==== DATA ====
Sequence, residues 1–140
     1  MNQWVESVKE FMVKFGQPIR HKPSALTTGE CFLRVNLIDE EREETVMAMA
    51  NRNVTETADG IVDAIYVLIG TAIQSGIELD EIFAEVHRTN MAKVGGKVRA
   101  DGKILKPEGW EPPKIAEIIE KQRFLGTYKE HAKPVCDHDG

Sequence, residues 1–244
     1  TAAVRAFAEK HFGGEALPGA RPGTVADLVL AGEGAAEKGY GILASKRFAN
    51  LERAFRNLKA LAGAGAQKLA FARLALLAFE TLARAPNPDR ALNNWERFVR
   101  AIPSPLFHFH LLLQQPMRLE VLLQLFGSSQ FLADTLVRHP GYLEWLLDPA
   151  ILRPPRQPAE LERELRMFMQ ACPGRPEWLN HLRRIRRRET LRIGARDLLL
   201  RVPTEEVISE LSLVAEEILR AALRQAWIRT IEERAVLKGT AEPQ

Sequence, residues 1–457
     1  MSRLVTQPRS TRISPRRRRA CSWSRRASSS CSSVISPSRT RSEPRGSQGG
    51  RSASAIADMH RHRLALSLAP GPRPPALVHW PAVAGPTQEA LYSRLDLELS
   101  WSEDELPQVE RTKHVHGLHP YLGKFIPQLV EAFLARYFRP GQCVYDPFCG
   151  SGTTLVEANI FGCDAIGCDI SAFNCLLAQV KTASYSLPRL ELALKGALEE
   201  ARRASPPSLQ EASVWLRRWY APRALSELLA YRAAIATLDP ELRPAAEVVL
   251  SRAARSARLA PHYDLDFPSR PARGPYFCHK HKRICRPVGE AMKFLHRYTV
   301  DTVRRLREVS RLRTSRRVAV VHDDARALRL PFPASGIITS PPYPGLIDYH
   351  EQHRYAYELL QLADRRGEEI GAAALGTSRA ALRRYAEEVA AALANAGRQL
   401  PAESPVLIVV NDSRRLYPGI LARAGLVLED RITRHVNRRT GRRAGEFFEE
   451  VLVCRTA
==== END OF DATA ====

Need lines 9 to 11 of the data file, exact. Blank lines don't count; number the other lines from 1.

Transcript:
   151  ILRPPRQPAE LERELRMFMQ ACPGRPEWLN HLRRIRRRET LRIGARDLLL
   201  RVPTEEVISE LSLVAEEILR AALRQAWIRT IEERAVLKGT AEPQ

Sequence, residues 1–457